On shame and trauma : the antidote is unconditional love

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Shame runs very deep for most traumatised people.  Profound self loathing (seeing yourself as disgusting, unlovable, worthless, useless, incompetent and hopeless) can even help you make meaning of traumatic life events and still survive in the world.  In experiencing shame you are incorporating the violations of your body, spirit and mind as if these acts provide indisputable evidence that you are inherently not good enough.  In other words, in feeling shame you become what was done to you.  You conduct your life with intense disgust directed at yourself.  Such inadvertent attempts to annihilate your essence can lead to suicide.  In shame, you only know yourself as the excrutiating pain and the complete aloneness.  Shame is the ultimate re-enactment of trauma.

The truth is that your essence is untouchable.  Your essence is beautiful, lovable, pure and precious… no matter what!!!

Learning to treat yourself with unconditional love, compassion and respect will take courage, tenacity and determination.  There is not a painless way to form new beliefs about yourself.  It takes heroism to learn and practice self – supporting skills in personal, social and vocational circumstances.  Ironically, you will probably feel very uncomfortable with being loving to yourself: you might well have a need to feel uncomfortable.

Your core theories involving shame are formed by traumatic circumstances, and these foundations need to be slowly and surely dismantled within the container of unconditional love and compassion for yourself.  Your discomfort can be observed, accepted, soothed and survived with the active and loving presence of your wise self.

You can learn to establish and maintain eye contact, to be present in the moment, to listen attentively to other people and respond accordingly.  You can be curious about everything and seek out wonderful experiences.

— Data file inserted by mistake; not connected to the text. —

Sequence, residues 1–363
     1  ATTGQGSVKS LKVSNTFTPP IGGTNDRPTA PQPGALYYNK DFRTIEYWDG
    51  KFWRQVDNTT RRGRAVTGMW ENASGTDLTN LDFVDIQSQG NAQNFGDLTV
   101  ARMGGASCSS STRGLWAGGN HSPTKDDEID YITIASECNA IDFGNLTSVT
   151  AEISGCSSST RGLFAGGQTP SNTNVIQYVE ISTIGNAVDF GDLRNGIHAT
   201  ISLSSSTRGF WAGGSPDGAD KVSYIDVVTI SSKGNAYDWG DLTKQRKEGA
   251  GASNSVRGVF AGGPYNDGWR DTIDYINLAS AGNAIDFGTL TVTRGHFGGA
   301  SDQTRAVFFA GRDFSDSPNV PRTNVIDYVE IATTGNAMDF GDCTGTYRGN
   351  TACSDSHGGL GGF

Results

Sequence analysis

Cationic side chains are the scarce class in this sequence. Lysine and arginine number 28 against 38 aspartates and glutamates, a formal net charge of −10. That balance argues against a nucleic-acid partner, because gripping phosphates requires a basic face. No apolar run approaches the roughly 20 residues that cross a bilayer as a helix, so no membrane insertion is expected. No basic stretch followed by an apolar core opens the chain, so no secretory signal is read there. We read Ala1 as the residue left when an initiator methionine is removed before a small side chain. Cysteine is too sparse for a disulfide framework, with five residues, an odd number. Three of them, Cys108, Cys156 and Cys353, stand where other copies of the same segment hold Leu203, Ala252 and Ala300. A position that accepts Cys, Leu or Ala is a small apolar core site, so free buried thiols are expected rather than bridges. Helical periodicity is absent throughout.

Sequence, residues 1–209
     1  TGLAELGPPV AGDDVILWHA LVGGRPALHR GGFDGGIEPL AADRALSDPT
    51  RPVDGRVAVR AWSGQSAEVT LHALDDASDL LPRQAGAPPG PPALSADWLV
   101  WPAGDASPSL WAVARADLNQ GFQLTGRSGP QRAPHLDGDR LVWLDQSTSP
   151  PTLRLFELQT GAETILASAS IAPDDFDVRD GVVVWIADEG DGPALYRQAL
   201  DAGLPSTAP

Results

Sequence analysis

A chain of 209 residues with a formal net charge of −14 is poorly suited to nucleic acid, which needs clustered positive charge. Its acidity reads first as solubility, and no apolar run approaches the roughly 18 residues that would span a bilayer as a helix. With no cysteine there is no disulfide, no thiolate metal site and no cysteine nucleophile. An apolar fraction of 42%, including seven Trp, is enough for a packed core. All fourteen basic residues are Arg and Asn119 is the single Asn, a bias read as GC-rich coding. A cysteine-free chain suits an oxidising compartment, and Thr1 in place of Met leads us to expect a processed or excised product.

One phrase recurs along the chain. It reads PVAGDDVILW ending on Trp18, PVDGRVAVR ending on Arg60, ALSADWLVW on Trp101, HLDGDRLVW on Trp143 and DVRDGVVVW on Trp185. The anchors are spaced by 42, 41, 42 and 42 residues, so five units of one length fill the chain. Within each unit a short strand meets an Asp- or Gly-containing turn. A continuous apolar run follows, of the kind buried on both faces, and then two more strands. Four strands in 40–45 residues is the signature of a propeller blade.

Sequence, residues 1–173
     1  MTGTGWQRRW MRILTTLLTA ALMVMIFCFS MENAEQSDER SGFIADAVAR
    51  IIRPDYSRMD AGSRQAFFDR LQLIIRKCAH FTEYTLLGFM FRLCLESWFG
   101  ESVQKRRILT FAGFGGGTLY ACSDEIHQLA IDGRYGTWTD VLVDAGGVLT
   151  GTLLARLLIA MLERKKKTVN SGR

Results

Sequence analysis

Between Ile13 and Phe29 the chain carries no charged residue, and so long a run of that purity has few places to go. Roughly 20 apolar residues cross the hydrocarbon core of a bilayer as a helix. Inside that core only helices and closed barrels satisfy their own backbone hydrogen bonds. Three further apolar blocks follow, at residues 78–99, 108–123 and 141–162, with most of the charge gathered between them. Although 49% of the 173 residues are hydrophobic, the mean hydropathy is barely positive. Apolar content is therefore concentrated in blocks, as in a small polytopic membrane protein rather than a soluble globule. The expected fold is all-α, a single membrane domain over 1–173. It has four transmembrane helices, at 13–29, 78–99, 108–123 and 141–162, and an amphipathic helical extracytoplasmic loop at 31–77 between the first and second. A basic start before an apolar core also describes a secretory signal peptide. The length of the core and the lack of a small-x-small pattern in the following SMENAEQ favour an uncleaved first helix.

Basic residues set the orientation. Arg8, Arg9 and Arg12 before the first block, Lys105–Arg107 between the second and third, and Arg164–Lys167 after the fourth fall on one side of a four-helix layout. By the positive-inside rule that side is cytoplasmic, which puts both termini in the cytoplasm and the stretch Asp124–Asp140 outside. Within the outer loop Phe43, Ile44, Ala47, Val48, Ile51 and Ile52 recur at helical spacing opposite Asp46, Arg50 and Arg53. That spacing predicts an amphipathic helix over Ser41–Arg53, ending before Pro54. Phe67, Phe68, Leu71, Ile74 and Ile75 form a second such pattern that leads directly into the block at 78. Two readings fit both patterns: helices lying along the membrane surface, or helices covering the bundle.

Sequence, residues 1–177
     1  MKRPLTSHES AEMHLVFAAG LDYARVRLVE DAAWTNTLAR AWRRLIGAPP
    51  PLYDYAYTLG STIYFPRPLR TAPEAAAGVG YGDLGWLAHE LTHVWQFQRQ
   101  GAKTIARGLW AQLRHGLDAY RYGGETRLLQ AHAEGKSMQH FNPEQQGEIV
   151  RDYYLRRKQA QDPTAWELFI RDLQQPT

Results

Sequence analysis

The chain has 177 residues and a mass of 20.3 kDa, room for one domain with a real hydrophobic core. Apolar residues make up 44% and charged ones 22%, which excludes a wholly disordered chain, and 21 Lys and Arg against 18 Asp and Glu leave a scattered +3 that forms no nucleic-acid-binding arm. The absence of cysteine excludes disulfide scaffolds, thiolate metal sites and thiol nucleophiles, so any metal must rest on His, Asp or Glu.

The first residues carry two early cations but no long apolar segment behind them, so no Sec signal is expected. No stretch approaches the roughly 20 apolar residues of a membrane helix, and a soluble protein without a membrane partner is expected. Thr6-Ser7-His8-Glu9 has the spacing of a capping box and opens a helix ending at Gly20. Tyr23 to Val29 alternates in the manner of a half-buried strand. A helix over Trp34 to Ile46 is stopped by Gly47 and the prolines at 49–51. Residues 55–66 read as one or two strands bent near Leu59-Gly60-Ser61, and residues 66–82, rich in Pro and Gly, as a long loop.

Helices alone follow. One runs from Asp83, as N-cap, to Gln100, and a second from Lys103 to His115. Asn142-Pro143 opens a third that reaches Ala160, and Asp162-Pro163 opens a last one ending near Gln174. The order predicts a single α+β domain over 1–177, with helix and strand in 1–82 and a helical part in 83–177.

YOU ARE NOT THE SHAME YOU EXPERIENCE

Excerpt from Evolve with Trauma : Become Your Own Safe, Compassionate and Wise Friend.

 

Related link:  Freeing yourself and understanding self blame

http://www.new-synapse.com/aps/wordpress/?p=2572

 

(Image credit : Pinterest)

Doubt, suspicion, fear, mistrust and a mixed up relationship with the inner child

Well each painful step along the way in my relationship with Scott has been a lesson in trust and what I am learning is that I am not a very trusting person where others are concerned.  I have a lot of fears and doubts and can be very suspicious and mistrusting at times.  I also find it hard to feel that I am loved and valued and cherished even when I am. I am also noticing that when I get fearful I shut down my heart energy.

I have made huge leaps forward with trusting in this relationship and I see when my fear begins to raise its ugly head again.  I am just in the middle of a wonderful book which I found at the book fair a few months ago called Life Loves You, it is co written by Louise Hay and Robert Holden and it is so beautiful and heartfelt.  I am drawn to the work of Louise Hay lately, I love her idea that all love begins with self love and forgiveness and that we have major healings around guilt., also that all healing lies with our inner child.

I know how much I struggle with feelings of unjustified guilt and not feeling ‘good enough’ and I know its a collective issue too.   In the chapter on Forgiving The Past Louse and Robert speak about how we also project guilt onto others and what we forget was that once they were an innocent child, just as we were, a child that probably got hurt by life.   They talk of how when children are raised there is often too much emphasis on kids being ‘good’ in order to win approval, attention and love, instead of parents just encouraging the child’s inherent self expression and basic intrinsic goodness.

being good full time is hard work.  You have to suppress a lot of feelings.  You can’t always speak the truth.  Sometimes you have to lie and that feels bad… being good is just an act…. putting on an act is not innocent.. its a calculated attempt to win love and approval… whatever act we choose, it causes us to be estranged from our basic goodness….. without our basic goodness we are lost.

On our healing journey when we chose to love our inner child (as well as that of others) as it really is deep inside choosing to recognise his or her inherent innocence.  We no longer continue to project shame and guilt, and we can project this either outwardly or inwardly through the outer or inner critic and we no longer put on an act out of the idea that we are not good enough and must win the love of others.